The real difference between the UK and US, in one paragraph about baking

Narjas Zatat@Narjas_Zatat
Thursday 02 June 2016 13:10
discover

The Great British Bake Off has been shown on Netflix in the US for a while now, and is picking up a small but dedicated fanbase.

A few things are still confusing them though.

Specifically, they can’t seem to get their heads around the concept of a biscuit, and took to Quora for some much-needed clarification:

I was under the impression that a UK biscuit was a US cookie, but now I'm watching the Great British Baking Show on Netflix, and I'm not so sure...

British people tried to explain that proper biscuits are hard, crunchy round things usually eaten with tea.

Exhibit A:

Picture: H is for Home/Flickr

An American biscuit on the other hand, is an abomination is baked, and rises, making it look more like a bun, and they can be eaten with savoury food like cheese and bacon.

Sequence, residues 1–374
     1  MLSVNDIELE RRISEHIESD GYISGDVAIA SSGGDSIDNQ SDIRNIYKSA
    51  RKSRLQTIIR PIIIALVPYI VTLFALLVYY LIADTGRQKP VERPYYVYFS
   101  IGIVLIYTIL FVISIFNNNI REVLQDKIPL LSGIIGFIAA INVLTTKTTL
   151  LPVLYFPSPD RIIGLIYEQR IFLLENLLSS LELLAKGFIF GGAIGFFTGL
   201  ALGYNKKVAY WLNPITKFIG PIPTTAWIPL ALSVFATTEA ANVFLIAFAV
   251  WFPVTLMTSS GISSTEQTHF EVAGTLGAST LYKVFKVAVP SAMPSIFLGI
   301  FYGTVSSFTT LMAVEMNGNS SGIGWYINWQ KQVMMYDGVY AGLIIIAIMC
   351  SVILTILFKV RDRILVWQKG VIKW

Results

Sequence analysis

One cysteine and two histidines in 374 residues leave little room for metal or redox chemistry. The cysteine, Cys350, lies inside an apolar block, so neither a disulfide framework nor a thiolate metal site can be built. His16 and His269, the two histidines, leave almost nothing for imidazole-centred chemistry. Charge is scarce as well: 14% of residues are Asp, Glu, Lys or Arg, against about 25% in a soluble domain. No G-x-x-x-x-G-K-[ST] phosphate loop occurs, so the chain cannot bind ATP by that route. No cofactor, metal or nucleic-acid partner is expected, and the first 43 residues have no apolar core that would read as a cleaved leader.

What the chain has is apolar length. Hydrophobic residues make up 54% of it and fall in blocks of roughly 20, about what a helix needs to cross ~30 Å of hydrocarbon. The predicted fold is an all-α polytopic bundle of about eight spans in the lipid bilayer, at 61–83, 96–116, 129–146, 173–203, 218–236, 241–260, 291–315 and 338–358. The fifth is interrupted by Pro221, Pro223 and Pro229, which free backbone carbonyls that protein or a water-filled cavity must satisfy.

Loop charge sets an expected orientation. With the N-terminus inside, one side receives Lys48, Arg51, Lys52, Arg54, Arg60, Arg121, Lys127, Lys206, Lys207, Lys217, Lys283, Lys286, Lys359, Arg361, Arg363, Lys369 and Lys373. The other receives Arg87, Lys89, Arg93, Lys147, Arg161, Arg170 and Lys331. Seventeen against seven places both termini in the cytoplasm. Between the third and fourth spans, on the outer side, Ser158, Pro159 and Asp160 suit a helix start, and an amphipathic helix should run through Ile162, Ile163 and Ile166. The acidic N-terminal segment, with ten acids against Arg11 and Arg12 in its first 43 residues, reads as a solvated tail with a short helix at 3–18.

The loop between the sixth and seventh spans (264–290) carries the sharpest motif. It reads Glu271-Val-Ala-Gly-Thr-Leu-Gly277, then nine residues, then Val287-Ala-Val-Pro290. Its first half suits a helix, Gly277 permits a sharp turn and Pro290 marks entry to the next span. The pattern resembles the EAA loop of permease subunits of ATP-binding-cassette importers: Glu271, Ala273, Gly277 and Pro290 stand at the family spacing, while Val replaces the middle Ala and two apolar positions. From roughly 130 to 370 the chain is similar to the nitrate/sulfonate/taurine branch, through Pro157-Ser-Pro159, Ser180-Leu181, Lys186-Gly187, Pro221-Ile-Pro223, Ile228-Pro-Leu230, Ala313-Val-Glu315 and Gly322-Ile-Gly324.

Exhibit B:

Picture: Morton Fox/Flickr

User Kelsey Hayes summed it up perfectly:

Usually in the UK a biscuit would be a cookie, like a "hard" cookie (although yes it can be broader). Think something like shortbread. Something you'd have with or dunk into your tea.

In the US a biscuit is a softer, flaky baked item made with flour, butter and lard/shortening. They can be eaten with savoury food (e.g. gravy, fried chicken) or sweet food (jam, honey and/or butter).

Considering how much angst this has caused, we probably shouldn't tell them about the Jaffa Cake debate just yet.

More: 11 things Britain does better than America

More: Americans try to pronounce UK place names

Trending